We have all seen it. The upward angle photo sprawling across one of the country’s most prestigious sports magazines, known for its iconic and timeless covers. The latest edition is now being graced by Arizona’s own Khalil Tate.
He’s cocking his throwing arm, showing off the red number “14” on the front of his jersey. As he prepares for a season that will leave many defenders looking at the number on the back of his jersey, he also looks to make a run at the illustrious Heisman trophy this fall.
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A Sports Illustrated cover was a pipe dream when Tate stepped on campus two years ago as a freshman, at the time ineligible to play due to a redshirt. Even as a 4-star recruit coming onto a team with only a handful of 4-star recruits, the expectations of Tate were met and have been exceeded in just the handful of games that Tate started last season. He took over for Brandon Dawkins in what was seen at the time as a desperation move by former head coach Rich Rodriguez in the middle of a season that was going nowhere fast.
The desperation move ended up being Arizona’s adrenaline shot to the heart; Tate pulled his fellow young and inexperienced Wildcats across the seasonal finish line, winning seven games and leading them to a bowl game.
Tate’s impression on the Pac-12 was felt then, but his official statement to the nation came on a fall night in Boulder. As Tate ran through, under and around Colorado, he ended the night with 327 yards on the ground, shattering the national record for rushing by a quarterback.
The highlight reels are well worn, but Tate’s legacy isn’t going to be the number of magazine covers he’s plastered on, nor the yardage that he amassed during his stay in Tucson. It will be how he takes on the sole leadership role for a team that has dealt with scandals and disappointment over the last year, to not only stablize the ship but also be able to lead it to and through uncharted waters.
Arizona football has had sporadic success in the last 20 years. The most successful seasons are usually followed by disappointing ones, undermining any kind of momentum past coaches have tried to muster.
When Tate walks out onto the field at Arizona Stadium with his teammates on Sept. 1, the 19-year-old junior will not only be carrying their hopes and dreams on his shoulder pads, but the future trajectory of the program he is playing for. No pressure.
Luckily for him, there are multiple examples in college football the last 20 years that display what kind of long-term impact a dynamic quarterback like Tate can have on a specific program — changing the complete image of an institution in just a handful of exciting nationally-televised games spread over a couple months.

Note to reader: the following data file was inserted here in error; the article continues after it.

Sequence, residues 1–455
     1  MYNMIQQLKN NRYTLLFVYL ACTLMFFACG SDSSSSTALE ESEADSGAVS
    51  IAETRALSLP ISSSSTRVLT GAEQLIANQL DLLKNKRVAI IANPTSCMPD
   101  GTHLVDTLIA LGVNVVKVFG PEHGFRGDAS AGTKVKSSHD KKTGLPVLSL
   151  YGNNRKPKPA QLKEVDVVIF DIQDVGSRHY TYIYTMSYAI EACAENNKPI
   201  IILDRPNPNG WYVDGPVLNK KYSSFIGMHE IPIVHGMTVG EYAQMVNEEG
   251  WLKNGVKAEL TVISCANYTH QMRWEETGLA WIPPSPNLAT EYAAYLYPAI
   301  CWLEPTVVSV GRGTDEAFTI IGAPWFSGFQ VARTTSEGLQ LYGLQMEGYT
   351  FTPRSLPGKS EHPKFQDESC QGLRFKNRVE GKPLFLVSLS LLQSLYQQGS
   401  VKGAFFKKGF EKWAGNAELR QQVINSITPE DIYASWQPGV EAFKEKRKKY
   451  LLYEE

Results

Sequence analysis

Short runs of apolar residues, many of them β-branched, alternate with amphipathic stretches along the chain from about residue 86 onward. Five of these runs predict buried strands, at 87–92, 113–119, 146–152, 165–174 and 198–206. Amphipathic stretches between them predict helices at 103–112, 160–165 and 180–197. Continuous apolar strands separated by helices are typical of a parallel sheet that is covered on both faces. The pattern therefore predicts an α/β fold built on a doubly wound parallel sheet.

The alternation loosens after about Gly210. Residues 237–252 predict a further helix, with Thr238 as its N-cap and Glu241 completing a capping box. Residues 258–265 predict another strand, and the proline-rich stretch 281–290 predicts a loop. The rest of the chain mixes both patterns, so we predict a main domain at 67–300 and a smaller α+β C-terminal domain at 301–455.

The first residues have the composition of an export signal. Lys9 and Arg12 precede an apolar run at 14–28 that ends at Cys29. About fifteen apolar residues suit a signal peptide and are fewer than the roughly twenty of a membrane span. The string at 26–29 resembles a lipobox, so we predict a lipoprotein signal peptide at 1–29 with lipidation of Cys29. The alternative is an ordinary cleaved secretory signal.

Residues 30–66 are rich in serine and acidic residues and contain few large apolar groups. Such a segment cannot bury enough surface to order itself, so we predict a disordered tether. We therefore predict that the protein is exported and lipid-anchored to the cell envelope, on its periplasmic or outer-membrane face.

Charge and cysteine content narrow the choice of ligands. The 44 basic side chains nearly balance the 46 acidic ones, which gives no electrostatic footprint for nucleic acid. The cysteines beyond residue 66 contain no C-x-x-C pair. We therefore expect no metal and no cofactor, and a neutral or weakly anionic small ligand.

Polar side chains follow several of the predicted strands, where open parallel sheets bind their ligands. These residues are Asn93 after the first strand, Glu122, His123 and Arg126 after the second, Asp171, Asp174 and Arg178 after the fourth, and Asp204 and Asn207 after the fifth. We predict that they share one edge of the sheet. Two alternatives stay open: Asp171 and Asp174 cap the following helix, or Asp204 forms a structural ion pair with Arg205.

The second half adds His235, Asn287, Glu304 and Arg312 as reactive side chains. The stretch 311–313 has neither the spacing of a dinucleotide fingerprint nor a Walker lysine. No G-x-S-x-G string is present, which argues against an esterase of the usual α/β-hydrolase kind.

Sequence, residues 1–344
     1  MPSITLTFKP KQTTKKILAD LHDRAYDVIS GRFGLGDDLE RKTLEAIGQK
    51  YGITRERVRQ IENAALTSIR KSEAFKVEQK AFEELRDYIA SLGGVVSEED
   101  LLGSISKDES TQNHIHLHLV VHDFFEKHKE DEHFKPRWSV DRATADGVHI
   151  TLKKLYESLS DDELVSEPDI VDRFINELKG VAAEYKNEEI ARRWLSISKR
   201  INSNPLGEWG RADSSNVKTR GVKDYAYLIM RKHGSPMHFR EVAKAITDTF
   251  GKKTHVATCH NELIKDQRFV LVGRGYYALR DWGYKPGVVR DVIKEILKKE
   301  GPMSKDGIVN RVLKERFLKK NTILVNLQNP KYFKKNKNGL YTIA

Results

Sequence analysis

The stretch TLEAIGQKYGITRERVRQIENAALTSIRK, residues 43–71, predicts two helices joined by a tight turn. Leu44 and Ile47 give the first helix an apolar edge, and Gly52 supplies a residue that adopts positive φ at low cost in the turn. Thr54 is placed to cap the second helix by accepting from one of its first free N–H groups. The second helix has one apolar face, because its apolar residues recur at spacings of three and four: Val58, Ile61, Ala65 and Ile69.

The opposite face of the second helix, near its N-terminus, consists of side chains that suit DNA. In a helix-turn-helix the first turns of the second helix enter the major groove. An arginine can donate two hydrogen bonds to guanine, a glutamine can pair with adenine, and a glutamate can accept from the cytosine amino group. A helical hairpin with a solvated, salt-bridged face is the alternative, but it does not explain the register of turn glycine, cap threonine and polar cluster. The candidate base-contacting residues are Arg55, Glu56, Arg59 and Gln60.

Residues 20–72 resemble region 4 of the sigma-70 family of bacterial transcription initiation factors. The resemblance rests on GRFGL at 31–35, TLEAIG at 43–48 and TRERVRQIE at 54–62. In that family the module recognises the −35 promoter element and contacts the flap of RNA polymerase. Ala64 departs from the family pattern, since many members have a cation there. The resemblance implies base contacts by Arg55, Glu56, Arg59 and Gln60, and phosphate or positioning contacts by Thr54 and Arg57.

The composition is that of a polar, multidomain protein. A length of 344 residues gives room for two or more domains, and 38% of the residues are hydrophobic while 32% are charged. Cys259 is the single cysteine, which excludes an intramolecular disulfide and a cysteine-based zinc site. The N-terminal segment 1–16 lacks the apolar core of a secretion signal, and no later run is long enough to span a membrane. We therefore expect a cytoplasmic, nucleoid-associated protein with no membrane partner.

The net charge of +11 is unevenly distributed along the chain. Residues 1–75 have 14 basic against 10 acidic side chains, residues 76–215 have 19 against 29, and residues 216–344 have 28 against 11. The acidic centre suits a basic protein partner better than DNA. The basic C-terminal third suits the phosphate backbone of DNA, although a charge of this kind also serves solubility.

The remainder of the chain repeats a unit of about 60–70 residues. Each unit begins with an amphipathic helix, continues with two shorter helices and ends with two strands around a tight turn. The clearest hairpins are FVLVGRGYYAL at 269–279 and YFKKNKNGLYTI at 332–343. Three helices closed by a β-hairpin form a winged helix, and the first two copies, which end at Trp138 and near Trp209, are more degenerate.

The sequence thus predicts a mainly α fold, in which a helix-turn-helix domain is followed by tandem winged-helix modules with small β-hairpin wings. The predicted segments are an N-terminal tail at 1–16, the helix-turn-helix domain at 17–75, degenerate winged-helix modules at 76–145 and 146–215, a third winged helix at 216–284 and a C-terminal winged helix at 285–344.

For example, Michael Vick at Virginia Tech helped propel Frank Beamer’s program into a perennial top-25 team for a decade and a half after his electric run to the 2000 BCS Championship Game. Dennis Dixon made people all over the country comfortable with Oregon being a top-10 team year-in and year-out.
Robert Griffin III’s magical 2012 Heisman season helped change the entire outlook on Baylor’s football program, jump-starting their metamorphosis from Big 12 punchline into a program that was considered a top-5 team for consecutive years just a few short years ago. Furthermore, a guy named Johnny Manziel helped Texas A&M transition into a competitive SEC program with a Heisman campaign as a redshirt freshman.
The blueprint has been laid out for Tate by fellow groundbreaking dual-threat quarterbacks who have come before him. In just a couple days, Tate gets to show whether he will join those quarterbacks or fall by the wayside.
All eyes on Tate means more eyes on the University of Arizona. And with new indoor facilities being built, there is no better time for the Wildcats to strike, while interest and outside intrigue for Arizona’s program is at its highest in years. Tate’s unpredictable and exciting play will have a heavy hand in determining Arizona’s unpredictable and exciting future as a program years after his playing days are over.
The entire country is on notice and will be watching. If Tate ends the season holding that bronze trophy in New York, expect those eyes to stick around a little longer.
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